7 Adaptive characteristics of drought resistance and shade tolerance enhance invasive success of Elaeagnus umbellata Thunb

Tuesday, August 4, 2009: 10:10 AM
Grand Pavillion I, Hyatt
Spencer N. Bissett , Department of Biology, Virginia Commonwealth University, Richmond, VA
Julie Naumann , VCU Biology, US Army Corps of Engineers, Richmond, VA
Donald R. Young , Department of Biology, Virginia Commonwealth University, Richmond, VA
Jarrod Edwards , VCU Biology, US Army Corps of Engineers, Richmond, VA
John E. Anderson , Department of Biology, Virginia Commonwealth University, Richmond, VA

The shrub Elaeagnus umbellata is a drought-resistant invasive species, with multiple adaptive mechanisms which contribute to development of extensive, dense-canopied thickets. E. umbellata readily colonizes open spaces and edge habitat, but is also successful within forests, and research suggests that it possesses physiological and morphological features typically associated with shade-adapted species. Field and laboratory photosynthesis, chlorophyll fluorescence, and hyperspectral reflectance measurements were used to evaluate diurnal changes of E. umbellata and to quantify physiological responses of plants through periods of stress and recovery. Leaf trichome structure and density also were quantified for both sun and shade leaves, and evaluated as mechanisms of improved light capture and photosynthetic carbon gain in shaded environments as well as during drought conditions.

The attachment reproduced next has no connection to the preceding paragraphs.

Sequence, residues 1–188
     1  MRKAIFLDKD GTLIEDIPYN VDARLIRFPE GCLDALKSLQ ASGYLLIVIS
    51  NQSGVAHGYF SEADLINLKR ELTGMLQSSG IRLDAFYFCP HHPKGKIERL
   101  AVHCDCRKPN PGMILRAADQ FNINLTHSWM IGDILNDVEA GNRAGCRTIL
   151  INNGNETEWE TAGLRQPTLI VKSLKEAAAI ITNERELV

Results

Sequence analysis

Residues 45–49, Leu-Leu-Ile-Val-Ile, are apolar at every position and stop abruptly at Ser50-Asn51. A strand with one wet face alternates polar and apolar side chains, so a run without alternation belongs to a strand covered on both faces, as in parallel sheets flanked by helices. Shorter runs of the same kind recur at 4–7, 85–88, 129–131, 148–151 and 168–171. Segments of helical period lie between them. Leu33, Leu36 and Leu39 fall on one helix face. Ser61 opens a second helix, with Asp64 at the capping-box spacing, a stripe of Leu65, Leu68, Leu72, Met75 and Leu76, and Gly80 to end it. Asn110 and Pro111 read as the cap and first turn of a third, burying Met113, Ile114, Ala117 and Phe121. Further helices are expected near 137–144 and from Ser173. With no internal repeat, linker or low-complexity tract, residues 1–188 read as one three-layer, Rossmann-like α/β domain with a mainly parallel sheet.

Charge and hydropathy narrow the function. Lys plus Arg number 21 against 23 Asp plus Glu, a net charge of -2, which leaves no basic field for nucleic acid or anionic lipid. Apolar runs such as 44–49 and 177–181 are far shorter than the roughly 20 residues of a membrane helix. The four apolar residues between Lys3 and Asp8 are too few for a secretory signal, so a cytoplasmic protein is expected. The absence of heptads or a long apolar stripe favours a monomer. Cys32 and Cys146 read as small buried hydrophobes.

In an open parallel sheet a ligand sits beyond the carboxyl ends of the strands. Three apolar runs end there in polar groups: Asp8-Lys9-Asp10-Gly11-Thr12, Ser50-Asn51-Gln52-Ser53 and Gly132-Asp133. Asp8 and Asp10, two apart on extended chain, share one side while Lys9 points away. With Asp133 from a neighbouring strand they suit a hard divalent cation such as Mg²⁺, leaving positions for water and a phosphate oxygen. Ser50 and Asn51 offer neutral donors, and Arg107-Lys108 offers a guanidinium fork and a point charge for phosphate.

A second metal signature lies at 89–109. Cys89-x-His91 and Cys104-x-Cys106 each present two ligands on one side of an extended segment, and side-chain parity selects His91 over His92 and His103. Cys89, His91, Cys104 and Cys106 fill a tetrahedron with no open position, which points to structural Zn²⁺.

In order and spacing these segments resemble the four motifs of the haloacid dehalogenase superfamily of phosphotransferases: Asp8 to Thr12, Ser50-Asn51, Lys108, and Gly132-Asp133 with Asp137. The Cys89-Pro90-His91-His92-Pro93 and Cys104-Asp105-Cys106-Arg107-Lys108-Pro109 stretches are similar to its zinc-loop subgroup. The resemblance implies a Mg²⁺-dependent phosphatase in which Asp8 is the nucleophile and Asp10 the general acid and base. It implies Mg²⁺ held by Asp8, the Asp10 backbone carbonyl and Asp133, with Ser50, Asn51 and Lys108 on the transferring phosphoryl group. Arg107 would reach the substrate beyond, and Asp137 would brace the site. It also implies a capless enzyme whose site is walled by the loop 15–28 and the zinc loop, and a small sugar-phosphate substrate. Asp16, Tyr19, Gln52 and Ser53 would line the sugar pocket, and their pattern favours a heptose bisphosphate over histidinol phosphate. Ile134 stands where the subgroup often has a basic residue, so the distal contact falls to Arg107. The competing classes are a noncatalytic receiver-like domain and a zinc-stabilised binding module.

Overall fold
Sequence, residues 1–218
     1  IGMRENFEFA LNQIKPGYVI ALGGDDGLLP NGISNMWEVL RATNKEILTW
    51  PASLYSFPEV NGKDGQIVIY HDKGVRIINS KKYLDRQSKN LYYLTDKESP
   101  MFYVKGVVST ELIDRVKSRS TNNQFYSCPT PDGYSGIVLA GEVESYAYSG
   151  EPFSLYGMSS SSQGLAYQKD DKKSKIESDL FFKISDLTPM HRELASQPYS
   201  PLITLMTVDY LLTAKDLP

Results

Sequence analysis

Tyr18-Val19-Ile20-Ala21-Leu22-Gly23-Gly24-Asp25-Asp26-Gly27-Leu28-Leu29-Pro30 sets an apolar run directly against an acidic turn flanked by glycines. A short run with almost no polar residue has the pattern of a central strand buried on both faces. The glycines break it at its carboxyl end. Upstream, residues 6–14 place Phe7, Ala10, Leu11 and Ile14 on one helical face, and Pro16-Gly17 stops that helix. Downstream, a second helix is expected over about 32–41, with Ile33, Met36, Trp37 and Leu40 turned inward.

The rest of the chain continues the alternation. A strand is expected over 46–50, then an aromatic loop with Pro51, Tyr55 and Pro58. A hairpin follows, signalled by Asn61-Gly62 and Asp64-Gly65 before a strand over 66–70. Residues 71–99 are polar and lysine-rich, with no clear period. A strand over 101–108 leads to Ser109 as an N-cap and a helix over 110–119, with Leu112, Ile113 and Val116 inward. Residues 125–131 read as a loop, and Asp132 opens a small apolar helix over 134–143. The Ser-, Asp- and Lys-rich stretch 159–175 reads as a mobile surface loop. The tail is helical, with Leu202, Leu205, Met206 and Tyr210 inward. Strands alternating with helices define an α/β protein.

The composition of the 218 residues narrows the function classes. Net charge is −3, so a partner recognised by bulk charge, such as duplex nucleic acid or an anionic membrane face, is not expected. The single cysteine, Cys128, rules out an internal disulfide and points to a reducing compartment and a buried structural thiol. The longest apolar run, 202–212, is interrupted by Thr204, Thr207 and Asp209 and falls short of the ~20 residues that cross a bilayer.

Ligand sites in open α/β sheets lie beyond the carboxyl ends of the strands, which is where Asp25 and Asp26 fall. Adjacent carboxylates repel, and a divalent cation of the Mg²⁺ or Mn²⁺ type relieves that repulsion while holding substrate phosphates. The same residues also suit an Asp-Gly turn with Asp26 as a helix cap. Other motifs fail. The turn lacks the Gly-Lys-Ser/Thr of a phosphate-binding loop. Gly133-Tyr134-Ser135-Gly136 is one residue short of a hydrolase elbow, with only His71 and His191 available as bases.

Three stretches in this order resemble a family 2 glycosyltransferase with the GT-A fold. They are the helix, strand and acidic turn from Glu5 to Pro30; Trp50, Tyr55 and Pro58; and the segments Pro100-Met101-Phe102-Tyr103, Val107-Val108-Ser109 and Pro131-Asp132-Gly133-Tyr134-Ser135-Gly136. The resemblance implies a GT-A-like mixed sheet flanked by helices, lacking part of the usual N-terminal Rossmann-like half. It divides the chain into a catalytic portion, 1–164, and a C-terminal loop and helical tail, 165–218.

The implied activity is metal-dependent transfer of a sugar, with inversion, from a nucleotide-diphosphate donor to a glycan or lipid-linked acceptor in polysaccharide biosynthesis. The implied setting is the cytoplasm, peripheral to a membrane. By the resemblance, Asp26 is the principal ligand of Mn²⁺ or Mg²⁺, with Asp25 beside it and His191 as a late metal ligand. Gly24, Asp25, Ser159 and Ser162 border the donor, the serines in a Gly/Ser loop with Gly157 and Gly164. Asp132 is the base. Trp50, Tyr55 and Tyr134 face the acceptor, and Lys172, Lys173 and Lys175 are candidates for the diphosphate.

Daily measurements of laboratory plants and monthly field measurements revealed decreasing ΔF/ F′m values in response to drought stress, with little corresponding decrease in photochemical reflectance index values. This disparity indicates that xanthophyll cycle dissipation is not the dominant photoprotective mechanism at work for Elaeagnus species experiencing water stress. Field studies revealed an increasing chlorophyll a/b ratio with onset of water stress, a possible result of chlorophyll protein re-absorption in response to drought conditions. Trichomes were present on both leaf surfaces; abaxial surface trichome density was at least five times higher than adaxial density. The relatively sparse adaxial trichomes appear to reduce the intensity of incoming light, while densely-packed abaxial trichomes reflect light back towards the mesophyll, enhancing absorption in low light environments. These characteristics appear to enhance the invasive success of E. umbellata, by allowing the shrub to maintain photosynthetic carbon assimilation under drought conditions, and by enabling its expansion from edge habitat into forest understory.